Characteristics and clinical outcomes of patients with pre-delta, delta and omicron SARS-CoV-2 infection in Indonesia (2020–2023): a multicentre prospective cohort study

Anis Karuniawati, Ayodhia Pitaloka Pasaribu, Gilbert Lazarus, Vera Irawany, Dwi Utomo Nusantara, Robert Sinto, Suwarti, Maulana Jamil Nasution, Ferawati, Muhammad Riza Lubis, Eka Nurfitri, Mutiara Mutiara, Hasanul Arifin, Hely Hely, Pramaisshela Arinda D. Putri, Ariel Pradipta, Anindya Pradipta Susanto, Meutia Ayuputeri Kumaheri, Bonifacius, Yacobus Da CostaClaus Bogh, Dodi Safari, Kartini Lidia, Hermi Indita Malewa, Nunung Nuraeni, Sabighoh Zanjabila, Mutia Rahardjani, Fitri Agustia Dewi, Fitria Wulandari, Decy Subekti, Henry Surendra, J. Kevin Baird, Anuraj H. Shankar, Raph L. Hamers

Research output: Contribution to journalArticlepeer-review

1 Citation (Scopus)


Background: Limited data exist from southeast Asia on the impact of SARS-CoV-2 variants and inactivated vaccines on disease severity and death among patients hospitalised with COVID-19. Methods: A multicentre hospital-based prospective cohort was enrolled from September 2020 through January 2023, spanning pre-delta, delta, and omicron periods. The participant hospitals were conveniently sampled based on existing collaborations, site willingness and available study resources, and included six urban and two rural general hospitals from East Nusa Tenggara, Jakarta, and North Sumatra provinces. Factors associated with severe disease and day-28 mortality were examined using logistic and Cox regression. Findings: Among 822 participants, the age-adjusted percentage of severe disease was 26.8% (95% CI 22.7–30.9) for pre-delta, 50.1% (44.0–56.2) for delta, and 15.2% (9.7–20.7) for omicron. The odds of severe disease were 64% (18–84%) lower for omicron than delta (p < 0.001). One or more vaccine doses reduced the odds of severe disease by 89% (65–97%) for delta and 98% (91–100%) for omicron. Age-adjusted mortality was 11.9% (8.8–15.0) for pre-delta, 24.4% (18.8–29.9) for delta and 9.6% (5.2–14.0) for omicron. The day-28 cumulative incidence of death was lower for omicron (9.2% [5.6–13.9%]) than delta (28.6% [22.0–35.5%]) (p < 0.001). Severe disease on admission was the predominant prognostic factor for death (aHR34.0 [16.6–69.9] vs mild-or-moderate; p < 0.001). After controlling for disease severity on admission as an intermediate, the risk of death was 48% (32–60%) lower for omicron than delta (p < 0.001); and 51% (38–61%; p < 0.001) lower for vaccinated participants than unvaccinated participants overall, and 56% (37–69%; p < 0.001) for omicron, 46% (−5 to 73%; p = 0.070) for pre-delta (not estimable for delta). Interpretation: Infections by omicron variant resulted in less severe and fatal outcomes than delta in hospitalised patients in Indonesia. However, older, and unvaccinated individuals remained at greater risk of adverse outcomes. Funding: University of Oxford and Wellcome Trust.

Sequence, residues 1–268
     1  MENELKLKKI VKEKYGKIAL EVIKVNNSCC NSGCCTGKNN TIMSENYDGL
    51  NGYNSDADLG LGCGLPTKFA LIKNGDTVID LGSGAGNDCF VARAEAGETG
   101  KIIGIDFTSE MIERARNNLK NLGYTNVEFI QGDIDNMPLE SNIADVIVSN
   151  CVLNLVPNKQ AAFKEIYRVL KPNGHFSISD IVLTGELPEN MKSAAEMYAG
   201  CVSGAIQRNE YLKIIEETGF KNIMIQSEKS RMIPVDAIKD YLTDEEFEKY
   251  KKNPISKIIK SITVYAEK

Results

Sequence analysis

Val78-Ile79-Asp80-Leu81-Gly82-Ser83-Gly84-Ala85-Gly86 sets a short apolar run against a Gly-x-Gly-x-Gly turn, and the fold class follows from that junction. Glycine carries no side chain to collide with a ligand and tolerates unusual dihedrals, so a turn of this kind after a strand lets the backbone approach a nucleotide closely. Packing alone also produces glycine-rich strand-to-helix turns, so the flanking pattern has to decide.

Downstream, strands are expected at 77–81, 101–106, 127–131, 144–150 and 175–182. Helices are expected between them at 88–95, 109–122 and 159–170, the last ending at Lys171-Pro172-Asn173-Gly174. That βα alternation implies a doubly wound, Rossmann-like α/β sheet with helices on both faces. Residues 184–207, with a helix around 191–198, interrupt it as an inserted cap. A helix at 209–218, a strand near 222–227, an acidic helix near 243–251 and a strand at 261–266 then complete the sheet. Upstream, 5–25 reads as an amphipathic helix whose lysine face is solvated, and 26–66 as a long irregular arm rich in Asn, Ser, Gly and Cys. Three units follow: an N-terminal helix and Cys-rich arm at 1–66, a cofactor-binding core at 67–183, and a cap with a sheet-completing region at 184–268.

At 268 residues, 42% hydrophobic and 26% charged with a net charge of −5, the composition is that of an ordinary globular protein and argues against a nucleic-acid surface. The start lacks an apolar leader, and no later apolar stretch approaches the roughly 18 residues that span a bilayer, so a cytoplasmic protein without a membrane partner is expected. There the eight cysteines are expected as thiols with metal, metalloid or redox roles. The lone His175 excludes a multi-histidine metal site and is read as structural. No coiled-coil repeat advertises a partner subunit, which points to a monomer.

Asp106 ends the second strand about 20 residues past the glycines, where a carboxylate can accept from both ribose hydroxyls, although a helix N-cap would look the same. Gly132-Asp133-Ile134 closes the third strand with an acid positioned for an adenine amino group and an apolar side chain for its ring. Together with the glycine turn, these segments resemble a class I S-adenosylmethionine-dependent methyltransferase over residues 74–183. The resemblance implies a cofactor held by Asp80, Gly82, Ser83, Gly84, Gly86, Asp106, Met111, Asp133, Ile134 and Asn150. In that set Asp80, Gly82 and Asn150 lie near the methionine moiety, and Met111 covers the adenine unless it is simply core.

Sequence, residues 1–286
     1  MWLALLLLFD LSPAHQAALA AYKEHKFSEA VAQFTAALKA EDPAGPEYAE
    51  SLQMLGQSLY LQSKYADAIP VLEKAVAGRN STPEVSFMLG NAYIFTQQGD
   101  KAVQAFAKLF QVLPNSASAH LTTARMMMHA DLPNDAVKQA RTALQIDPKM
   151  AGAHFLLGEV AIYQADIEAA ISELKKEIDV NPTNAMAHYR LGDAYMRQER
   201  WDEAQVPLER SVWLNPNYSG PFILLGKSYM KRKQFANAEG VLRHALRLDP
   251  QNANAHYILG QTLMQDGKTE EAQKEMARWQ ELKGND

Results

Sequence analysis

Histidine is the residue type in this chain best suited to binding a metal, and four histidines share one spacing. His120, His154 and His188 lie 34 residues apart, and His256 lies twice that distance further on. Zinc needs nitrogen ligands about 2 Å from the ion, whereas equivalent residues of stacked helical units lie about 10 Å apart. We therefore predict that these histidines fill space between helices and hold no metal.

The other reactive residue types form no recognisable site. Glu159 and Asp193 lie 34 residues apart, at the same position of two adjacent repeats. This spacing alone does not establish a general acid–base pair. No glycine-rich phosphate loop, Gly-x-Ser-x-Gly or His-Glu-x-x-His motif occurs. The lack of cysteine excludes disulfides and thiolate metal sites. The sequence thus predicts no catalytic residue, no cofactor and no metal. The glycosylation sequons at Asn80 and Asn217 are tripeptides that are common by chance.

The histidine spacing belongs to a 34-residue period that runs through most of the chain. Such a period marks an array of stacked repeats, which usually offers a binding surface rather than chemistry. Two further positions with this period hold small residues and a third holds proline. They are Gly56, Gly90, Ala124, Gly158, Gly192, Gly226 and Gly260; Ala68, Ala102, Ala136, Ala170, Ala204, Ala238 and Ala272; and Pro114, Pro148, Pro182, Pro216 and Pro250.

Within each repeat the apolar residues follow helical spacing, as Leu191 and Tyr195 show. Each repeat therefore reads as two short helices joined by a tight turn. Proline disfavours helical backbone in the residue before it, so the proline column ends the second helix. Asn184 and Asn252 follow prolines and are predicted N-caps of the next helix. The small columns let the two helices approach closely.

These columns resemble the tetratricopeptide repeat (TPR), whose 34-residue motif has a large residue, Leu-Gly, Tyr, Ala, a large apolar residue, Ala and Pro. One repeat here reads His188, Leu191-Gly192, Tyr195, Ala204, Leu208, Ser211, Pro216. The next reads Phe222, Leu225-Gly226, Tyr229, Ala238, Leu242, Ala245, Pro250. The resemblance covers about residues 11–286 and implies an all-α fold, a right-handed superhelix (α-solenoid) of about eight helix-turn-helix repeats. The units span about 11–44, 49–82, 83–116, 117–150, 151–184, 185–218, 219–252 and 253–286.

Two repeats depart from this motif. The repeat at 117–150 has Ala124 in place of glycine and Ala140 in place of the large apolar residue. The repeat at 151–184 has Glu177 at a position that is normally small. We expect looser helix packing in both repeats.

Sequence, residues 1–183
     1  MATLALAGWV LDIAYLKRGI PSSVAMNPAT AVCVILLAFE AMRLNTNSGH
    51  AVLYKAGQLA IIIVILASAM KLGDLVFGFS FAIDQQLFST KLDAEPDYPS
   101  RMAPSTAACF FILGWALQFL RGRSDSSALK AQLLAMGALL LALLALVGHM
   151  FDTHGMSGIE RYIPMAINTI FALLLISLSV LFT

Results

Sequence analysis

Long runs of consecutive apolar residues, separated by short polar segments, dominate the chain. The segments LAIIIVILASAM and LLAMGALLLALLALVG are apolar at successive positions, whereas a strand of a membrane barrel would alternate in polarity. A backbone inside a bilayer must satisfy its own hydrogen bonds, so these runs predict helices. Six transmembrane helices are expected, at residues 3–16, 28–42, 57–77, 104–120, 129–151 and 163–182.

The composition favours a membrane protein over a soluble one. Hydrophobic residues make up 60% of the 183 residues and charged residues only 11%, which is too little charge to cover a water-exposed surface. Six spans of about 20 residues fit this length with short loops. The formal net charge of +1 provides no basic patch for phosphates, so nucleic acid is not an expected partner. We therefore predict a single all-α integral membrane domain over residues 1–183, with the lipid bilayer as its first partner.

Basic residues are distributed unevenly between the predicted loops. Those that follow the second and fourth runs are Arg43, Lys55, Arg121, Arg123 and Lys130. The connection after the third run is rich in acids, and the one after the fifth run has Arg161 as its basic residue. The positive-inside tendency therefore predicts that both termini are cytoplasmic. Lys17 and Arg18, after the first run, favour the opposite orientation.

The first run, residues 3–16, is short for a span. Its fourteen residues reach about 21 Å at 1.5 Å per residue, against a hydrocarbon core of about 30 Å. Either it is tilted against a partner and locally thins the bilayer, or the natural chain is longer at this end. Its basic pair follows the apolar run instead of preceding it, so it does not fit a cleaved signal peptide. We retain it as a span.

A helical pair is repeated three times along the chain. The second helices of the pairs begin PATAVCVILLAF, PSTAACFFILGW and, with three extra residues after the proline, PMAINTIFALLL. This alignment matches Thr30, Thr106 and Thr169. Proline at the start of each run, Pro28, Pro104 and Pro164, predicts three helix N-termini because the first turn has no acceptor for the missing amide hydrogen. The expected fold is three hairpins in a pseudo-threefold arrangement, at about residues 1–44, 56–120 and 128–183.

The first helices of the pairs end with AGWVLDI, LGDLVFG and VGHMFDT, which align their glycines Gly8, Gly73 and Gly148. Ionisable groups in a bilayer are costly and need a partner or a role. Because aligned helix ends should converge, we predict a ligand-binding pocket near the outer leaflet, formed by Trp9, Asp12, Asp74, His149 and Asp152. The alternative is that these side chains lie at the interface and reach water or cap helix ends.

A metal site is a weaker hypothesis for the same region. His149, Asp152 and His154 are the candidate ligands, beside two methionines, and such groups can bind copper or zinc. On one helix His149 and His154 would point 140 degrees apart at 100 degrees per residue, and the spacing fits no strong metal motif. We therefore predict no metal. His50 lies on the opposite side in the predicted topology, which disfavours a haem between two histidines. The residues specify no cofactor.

Original languageEnglish
Article number100348
JournalThe Lancet Regional Health - Southeast Asia
Publication statusAccepted/In press - 2024


  • COVID-19
  • Disease severity
  • Inactivated vaccine
  • Indonesia
  • Mortality
  • Prospective study
  • SARS-CoV-2 variants of concern


Dive into the research topics of 'Characteristics and clinical outcomes of patients with pre-delta, delta and omicron SARS-CoV-2 infection in Indonesia (2020–2023): a multicentre prospective cohort study'. Together they form a unique fingerprint.

Cite this